Aerial view of Eisenstadt, Burgenland (Austria).

Aerial view of Eisenstadt, Burgenland (Austria). (Photo credit: Wikipedia)

Except for Vienna, the smallest Land in Austria in area;  it is the least populated.   It lies on the borders with Hungary, to which it belonged until 1920/1.    Its name comes from the castles (Burgen in German) in the region, notably those of the Hungarian magnate family, the Esterhazy.

In the 11th century there was an influx of German settlers, many from Franconia, into the borderlands between the Austrian and Styrian Marks, on the one hand, and Hungary, on the other.

In 1241, Bela IV of Hungary, his armies shattered by the Mongols, fled to Austria and ceded three counties to Duke Frederick the Warlike, very likely those of Moson, Sopron and Vas.   When Frederick died in 1246 Babenberg rule in Austria and Styria ended.   After some years of confusion Ottakar II of Bohemia gained control of the two Duchies in 1251 but in 1254 he reached a settlement with Bela IV, which included the return of the three counties to Hungary.

When Hungary was divided between the Habsburgs and the Ottoman Empire in the 16th and 17th centuries the area of German settlement on the western borders of Hungary lay within Habsburg Hungary.

At the Peace Conference in Paris in 1919, the government of reduced Austria argued that the region should pass to them as it was largely German in population, whilst the new Czechoslovakia argued that it should be part of a corridor divided between the Slav states of Czechoslovakia and Yugoslavia, which the corridor would link.   The Austrian plea was accepted, and the Treaties of St Germain, with Austria, in 1919, and Trianon, with Hungary, in 1920, provided for the transfer of the Burgenland, that is, the Hungarian county of Sopron, much of that of Moson and a corner of that of Vas.  There was however considerable resistance in the district around the town of Sopron and the Austrian police were obliged to withdraw.  Italy mediated, and as a result a plebiscite was held in the Sopron area in December 1921, which overwhelmingly voted to remain in Hungary.   Both parties accepted the result early in 1922, though there were doubts about the register of voters.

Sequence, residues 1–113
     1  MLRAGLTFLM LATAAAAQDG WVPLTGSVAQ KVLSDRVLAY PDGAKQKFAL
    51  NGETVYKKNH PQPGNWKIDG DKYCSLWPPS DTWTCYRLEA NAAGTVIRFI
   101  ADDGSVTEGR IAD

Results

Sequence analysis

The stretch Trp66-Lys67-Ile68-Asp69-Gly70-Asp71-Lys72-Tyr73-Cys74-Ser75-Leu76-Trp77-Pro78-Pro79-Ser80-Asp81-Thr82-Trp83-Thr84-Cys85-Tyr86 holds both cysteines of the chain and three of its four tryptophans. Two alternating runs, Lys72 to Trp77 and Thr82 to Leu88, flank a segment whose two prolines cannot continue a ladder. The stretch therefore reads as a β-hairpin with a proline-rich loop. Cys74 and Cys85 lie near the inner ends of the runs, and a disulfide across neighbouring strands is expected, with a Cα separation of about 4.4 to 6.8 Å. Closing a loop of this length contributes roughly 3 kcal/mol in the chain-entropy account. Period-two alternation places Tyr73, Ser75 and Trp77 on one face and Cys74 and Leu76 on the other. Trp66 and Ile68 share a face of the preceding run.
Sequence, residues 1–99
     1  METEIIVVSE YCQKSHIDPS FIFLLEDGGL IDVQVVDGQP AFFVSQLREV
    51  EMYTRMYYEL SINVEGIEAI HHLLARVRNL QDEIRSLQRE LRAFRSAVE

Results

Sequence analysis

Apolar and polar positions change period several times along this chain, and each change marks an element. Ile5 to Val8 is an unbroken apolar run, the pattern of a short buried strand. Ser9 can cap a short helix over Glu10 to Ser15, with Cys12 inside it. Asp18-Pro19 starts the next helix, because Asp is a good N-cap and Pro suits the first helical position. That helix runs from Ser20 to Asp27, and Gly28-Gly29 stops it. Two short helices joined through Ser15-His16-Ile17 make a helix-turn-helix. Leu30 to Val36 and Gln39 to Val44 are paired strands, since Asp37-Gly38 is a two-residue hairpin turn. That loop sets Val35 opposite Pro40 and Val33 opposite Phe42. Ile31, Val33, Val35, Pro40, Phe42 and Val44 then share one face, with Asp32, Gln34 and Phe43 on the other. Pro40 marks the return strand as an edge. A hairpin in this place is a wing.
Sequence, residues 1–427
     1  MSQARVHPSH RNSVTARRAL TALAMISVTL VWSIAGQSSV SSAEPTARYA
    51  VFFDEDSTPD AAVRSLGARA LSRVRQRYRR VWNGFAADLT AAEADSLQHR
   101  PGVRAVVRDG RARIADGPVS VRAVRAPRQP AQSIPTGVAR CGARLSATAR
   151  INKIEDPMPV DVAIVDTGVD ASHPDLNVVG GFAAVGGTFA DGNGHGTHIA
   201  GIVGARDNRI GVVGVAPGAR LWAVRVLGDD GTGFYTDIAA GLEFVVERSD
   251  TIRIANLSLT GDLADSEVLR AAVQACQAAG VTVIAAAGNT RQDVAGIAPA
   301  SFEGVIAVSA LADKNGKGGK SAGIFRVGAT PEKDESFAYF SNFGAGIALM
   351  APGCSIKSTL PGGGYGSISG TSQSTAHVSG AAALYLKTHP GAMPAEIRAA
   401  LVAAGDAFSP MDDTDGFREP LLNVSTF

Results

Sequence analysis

Burgenland became a separate Reichsland in the Austrian Republic and remains so, though in the era of Nazi unification, 1938-45, it was divided between Niederdonau and Steiermark.

Burgenland is divided into two Stadtbezirke, Eisenstadt and Rust, and seven Landbezirke, (from north to south) Neusiedl am See, Eisenstadt-Umgebung (the environs of Eisenstadt), Mattersburg, Oberpullendorf, Oberwart, Güssing and Jennersdorf.   The Landbezirke are themselves divided into 165 Gemeinden, 9 with the status of a Stadt and 56 with that of Markt.   The capital is Eisenstadt, since 1960 also the see of a Bishopric in the province of Vienna.

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